|N/A||Additional rotation around own X axis|
|N/A||Additional rotation around own Y axis|
|N/A||Additional rotation around own Z axis|
These functions can be used to reorient a solid by changing the direction of its axes.
|N/A||Sets solid X axis direction along defined vector|
|N/A||Sets solid X axis direction along previously defined vector|
|N/A||Sets solid Y axis direction along defined vector|
|N/A||Sets solid Y axis direction along previously defined vector|
|N/A||Sets solid Z axis direction along defined vector|
|N/A||Sets solid Z axis direction along previously defined vector|
|N/A||Sets all solid axis directions along all axes of another entire solid|
|N/A||Sets all solid axis directions along all axes of another part of solid|
These functions enable you to direct a selected axis according to a surface and simultaneously, locate at a surface. Surface location is the location detected by cursor movement, under the cursor at a solid. It can be combined with location at an edge or edge endpoints.
For example, you can position a drilling tool, when a hole is created. The tool’s X axis must be directed against a normal of detected surface. The tool is automatically located at a surface. As you move cursor, the tool remain stuck under the cursor at a surface.
These features are accessible from pop-up menu, if you right-click the inner part of corresponding solid axis.
|N/A||X Axis against Normal and Locate at Patch|
|N/A||X Axis along Normal and Locate at Patch|
|N/A||Y Axis against Normal and Locate at Patch|
|N/A||Y Axis along Normal and Locate at Patch|
|N/A||Z Axis against Normal and Locate at Patch|
|N/A||Z Axis along Normal and Locate at Patch|
These functions enable you to position solids relative to a selected plane. The solid axes can be directed along or against the plane normal. See also Selecting Planes.
|N/A||Sets X axis against plane normal|
|N/A||Sets X axis along plane normal|
|N/A||Sets Y axis against plane normal|
|N/A||Sets Y axis along plane normal|
|N/A||Sets Z axis against plane normal|
|N/A||Sets Z axis along plane normal|
|N/A||Sets normal of any selected solid’s plane along another plane normal|
|N/A||Sets normal of any selected solid’s plane against another plane normal|
Whenever you want to insert a new solid, the solid axes are at the last inserted location by default. Or, if no objects were inserted yet, the axes are at the coordinate center. Often, the axes may be outside of the current zoom.
Zoom in on Objects' Transformation Axes
This command opens a pop-up menu with following options:
|N/A||Zoom in on Objects' Transformation Axes|
|N/A||Objects' Transformation Axes to View Center|
Transforming object location, you may right-click other objects outside the transformed group. Right-click an edge opens a pop-up menu with locate modes. This way you may comfortably locate object at an end point, center point, circle center etc.
Solid transformation, right-click an edge of another solid
Right-click the transformed solid, you open a pop-up with options related to transformation, like new insertion point etc. Previous option is available for multiple objects types (not only solids, but also axes locations). This option is available only for solid transformation.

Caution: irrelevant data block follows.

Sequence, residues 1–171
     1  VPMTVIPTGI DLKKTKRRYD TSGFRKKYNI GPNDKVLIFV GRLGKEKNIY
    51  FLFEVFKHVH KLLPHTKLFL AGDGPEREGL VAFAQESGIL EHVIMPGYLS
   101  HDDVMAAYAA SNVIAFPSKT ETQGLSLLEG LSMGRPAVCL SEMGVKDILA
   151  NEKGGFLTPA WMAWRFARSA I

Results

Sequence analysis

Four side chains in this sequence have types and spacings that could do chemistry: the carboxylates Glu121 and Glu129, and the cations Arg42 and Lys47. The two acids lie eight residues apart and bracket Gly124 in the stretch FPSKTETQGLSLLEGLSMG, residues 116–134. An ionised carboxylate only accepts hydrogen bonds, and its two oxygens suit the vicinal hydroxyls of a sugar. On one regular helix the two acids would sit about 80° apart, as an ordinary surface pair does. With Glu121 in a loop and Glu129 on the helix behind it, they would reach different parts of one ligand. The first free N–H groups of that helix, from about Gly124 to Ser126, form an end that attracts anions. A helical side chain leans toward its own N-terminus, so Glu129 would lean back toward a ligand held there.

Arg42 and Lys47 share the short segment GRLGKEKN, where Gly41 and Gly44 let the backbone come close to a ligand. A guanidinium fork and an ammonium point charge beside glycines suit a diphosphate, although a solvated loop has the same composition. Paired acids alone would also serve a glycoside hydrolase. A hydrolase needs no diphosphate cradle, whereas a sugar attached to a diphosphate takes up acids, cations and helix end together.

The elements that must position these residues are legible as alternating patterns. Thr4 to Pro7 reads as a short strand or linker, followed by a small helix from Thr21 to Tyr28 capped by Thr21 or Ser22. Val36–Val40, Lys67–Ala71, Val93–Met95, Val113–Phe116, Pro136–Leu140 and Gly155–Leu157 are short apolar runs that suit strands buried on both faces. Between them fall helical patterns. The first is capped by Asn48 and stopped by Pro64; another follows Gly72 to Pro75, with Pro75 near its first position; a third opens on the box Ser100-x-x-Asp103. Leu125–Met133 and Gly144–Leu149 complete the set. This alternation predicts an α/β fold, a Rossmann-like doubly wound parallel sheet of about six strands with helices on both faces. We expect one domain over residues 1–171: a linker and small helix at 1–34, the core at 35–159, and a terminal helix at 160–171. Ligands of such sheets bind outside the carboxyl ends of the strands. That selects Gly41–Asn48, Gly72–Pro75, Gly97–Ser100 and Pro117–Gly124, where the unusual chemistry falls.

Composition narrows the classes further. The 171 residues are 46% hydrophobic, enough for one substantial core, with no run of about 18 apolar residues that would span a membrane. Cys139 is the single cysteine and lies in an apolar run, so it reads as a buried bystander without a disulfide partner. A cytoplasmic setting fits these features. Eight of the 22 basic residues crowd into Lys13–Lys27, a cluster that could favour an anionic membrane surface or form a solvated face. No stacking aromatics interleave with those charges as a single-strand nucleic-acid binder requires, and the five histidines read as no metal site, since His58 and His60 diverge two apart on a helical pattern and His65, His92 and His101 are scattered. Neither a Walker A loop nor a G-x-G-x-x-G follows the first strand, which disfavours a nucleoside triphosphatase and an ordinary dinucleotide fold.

Solid transformation, right-click an edge of transformed solid
After the final position of transformed or inserted objects is defined, you may optionally perform a Boolean operation. Objects can be added to or cut from a selected root solid.
You may also select repeated Boolean operations. In such a case, the operation is performed each time you press Enter or click the corresponding icon (the Insert icon). The object is used as a Boolean operation tool, the operation is performed and then the copy of the original object is transformed again. Using this method, you may repeatedly insert and add solids to one selected root solid. You may also add multiple solids to one root solid at a time.
You can also define geometric constraints. Constraints are defined after a Boolean operation. For more information about the geometric constraints, see Geometric Constraints. Available options are:
Additional Boolean Operation after Location
|Insert and add to a selected solid.|
|Insert and cut from a selected solid.|
|Insert and add to a selected solid repeatedly.|
|Insert and cut from a selected solid repeatedly.|
|Stop the repeated Boolean operations.|
Define or Edit Constraints after Location
|Insert and add to a selected solid.|
|Insert and cut from a selected solid.|
|Insert and define constraints of entire solids.|
You can redefine a solid insertion point at any time. If you are transforming multiple solids, the insertion point of the first selected solid is used, but you can choose to use another insertion point. There are also options for displaying solid axes. See also Solid Object Coordinate System.
|n||Defines new insertion point|
|N||Defines solid whose insertion point will be used|
Transformed solids are inserted into their final position by pressing Enter or right-clicking. You can also choose to copy instead of insert. In this case, you must insert the transformed objects first. After insertion, the objects are copied and you can continue inserting. You cannot insert a copy into the position of the original object.
When an object is copied, its attributes are copied as well. Therefore, we recommend assigning attributes before copying. You can also create identical (linked) copies that share future edits (see Identical Copies of Solids.
|Enter||Insert - inserts object into their final position|
|N/A||Undo - goes one step back, undoes previous transformation|
|-||Cancel Copy - turns off copying|
|N/A||Copy, creates identical copies|
When copying solids, you can choose to create identical (linked) copies. This means that if any member of the copy group is changed, the change is automatically implemented on all group members. When one object in the group is selected, all identical copies are highlighted. Identical copies are also created when inserting a part into an assembly.